beach_terror wrote:Quick negligence per se question:
Okay so lets say someone complies with a statute, and even though they have complied with it, someone is injured (building a fence around a pool that's 4 feet high and a child climbs over and drowns). For the lulz, lets say the person lives next to a daycare center for children who have Steven Seagal like ability for breaking into things.
Now, it's clear that there was no statutory violation here, but the E&E suggests that meeting the statutory minimum is not the equivalent of meeting the reasonable standard of care. In effect, doesn't this just become an issue of ordinary negligence, not negligence per se? Glannon doesn't give a clear answer, but this is logically what seems to make sense. The statute wasn't violated, but the conduct was still unreasonable, so there's redress through ye old negligence doctrine, correct?
Well, that would appear to not be negligence per se, as there's no statutory violation. So yes, once you've determined that there is no negligence per se (which just gets you over the duty and breach hurdles, not the causation and injury hurdles) you do the analysis for ordinary negligence. Simply meeting a statutory minimum doesn't make one reasonable, PARTICULARLY when you're talking about children.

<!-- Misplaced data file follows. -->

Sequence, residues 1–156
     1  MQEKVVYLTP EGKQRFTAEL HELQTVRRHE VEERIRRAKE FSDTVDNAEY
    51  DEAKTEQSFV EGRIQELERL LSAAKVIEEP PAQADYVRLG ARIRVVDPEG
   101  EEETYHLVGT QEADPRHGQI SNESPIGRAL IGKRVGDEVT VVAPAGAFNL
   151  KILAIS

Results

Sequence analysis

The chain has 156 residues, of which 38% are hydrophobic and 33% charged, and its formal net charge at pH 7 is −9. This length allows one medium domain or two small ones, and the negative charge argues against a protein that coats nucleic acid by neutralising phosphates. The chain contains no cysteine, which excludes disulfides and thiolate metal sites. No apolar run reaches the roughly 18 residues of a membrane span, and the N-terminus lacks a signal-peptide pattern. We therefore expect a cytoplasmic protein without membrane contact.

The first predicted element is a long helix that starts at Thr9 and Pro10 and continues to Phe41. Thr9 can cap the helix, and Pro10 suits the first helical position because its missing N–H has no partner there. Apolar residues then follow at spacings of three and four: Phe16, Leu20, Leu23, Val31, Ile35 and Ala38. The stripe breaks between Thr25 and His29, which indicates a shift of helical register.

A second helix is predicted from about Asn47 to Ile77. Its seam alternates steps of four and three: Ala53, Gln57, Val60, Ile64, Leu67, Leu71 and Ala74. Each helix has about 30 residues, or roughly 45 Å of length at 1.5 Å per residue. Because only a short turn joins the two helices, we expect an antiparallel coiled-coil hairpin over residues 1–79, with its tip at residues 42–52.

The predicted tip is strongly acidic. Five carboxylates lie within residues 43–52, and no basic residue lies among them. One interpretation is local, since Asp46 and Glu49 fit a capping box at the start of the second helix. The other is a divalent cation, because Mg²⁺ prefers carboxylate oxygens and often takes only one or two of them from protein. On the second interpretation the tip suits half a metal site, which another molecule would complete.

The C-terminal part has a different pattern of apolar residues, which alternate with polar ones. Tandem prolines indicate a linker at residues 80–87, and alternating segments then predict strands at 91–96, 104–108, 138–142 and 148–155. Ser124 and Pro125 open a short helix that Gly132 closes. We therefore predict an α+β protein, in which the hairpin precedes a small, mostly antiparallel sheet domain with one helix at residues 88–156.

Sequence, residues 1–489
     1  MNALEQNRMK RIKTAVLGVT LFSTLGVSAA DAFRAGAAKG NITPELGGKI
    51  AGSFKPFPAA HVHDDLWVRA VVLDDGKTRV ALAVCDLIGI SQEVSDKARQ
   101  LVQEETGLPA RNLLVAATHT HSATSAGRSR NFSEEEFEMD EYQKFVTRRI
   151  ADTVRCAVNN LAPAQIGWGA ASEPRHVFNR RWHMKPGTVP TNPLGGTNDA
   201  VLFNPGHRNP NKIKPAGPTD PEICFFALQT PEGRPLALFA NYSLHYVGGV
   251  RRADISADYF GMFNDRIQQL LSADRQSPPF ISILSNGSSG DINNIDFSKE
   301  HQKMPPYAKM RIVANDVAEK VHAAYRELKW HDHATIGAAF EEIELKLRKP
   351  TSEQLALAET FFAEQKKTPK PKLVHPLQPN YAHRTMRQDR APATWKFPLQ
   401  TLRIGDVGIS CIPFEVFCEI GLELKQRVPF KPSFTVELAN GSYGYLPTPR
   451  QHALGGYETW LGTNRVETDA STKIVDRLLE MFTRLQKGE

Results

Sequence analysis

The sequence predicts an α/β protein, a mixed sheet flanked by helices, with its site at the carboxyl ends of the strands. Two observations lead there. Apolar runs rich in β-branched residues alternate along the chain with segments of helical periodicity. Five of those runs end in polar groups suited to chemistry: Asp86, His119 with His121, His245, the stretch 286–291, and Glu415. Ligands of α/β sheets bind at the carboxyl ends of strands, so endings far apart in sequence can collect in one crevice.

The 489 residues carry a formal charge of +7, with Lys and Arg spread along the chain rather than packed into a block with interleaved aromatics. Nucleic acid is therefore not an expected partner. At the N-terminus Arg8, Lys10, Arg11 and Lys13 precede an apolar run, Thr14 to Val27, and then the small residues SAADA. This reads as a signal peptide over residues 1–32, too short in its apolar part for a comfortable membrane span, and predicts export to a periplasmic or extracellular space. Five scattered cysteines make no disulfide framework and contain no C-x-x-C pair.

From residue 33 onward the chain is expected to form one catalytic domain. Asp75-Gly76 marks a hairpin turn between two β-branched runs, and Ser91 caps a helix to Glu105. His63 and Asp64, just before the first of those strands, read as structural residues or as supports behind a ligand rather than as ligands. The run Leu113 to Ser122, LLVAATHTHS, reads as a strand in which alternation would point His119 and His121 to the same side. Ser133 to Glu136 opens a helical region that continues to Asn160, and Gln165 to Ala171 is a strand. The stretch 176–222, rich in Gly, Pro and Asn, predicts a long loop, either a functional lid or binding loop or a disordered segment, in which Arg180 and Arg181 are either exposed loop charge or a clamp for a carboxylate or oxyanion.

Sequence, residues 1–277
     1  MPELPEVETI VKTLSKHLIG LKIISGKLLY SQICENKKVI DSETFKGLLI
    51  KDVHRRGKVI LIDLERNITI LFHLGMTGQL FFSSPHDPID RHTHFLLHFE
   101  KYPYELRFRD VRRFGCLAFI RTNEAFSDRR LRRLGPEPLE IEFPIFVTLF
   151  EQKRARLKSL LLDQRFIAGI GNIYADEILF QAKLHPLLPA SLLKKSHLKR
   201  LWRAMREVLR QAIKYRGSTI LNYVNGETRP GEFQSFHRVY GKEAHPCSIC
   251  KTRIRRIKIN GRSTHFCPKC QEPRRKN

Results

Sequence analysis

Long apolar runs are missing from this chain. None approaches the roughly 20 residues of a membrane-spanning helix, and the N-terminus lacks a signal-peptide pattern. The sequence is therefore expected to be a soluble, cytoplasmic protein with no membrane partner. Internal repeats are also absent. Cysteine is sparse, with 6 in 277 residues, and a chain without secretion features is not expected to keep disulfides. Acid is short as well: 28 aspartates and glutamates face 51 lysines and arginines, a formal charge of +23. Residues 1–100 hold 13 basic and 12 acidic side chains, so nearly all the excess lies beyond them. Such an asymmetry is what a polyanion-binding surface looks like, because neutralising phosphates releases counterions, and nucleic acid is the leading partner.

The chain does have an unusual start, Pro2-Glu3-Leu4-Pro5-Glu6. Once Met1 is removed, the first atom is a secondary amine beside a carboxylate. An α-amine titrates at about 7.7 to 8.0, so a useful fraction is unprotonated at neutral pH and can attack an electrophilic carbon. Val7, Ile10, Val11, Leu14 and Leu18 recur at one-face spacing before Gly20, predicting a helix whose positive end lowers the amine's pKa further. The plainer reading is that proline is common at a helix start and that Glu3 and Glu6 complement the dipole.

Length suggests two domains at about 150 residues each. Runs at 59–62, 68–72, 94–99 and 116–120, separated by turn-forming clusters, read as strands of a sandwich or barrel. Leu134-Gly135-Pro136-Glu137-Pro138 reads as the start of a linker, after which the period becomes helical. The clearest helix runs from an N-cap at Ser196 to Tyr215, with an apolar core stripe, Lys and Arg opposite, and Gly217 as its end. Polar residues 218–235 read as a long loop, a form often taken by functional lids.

A person can be liable to children in a way that they wouldn't be liable to adults. Having an attractive nuisance on your property (like a pool, potentially) essentially creates an affirmative duty in the property owner. If the property owner:
1) knows there are children in the area
2) knows that the condition may cause serious bodily harm the danger of which a child would not appreciate
3) the cost of eliminating the danger is low compared to the risk involved, and
4) the owner did not exercise reasonable care to prevent children
Then the property owner might be liable for that child's injuries. So the question I'd ask is if a four foot fence is enough to keep kids out of the pool (or should he have had a pool cover) and how old was the kid? If we're talking super young, too young to appreciate the danger, and a four-foot fence isn't "reasonable care", then the property owner would be liable. Pools are generally held to present OBVIOUS dangers, so this analysis depends on the age of the kid.
Under a straight negligence analysis, I'd probably do the hand formula -- the burden of having a pool cover or a higher fence is likely to be low given the likelihood of kids from a daycare trespassing on your property and the chance one of them would drown.
That's my thought, anyway. Someone else could come along and tell me I'm an idiot.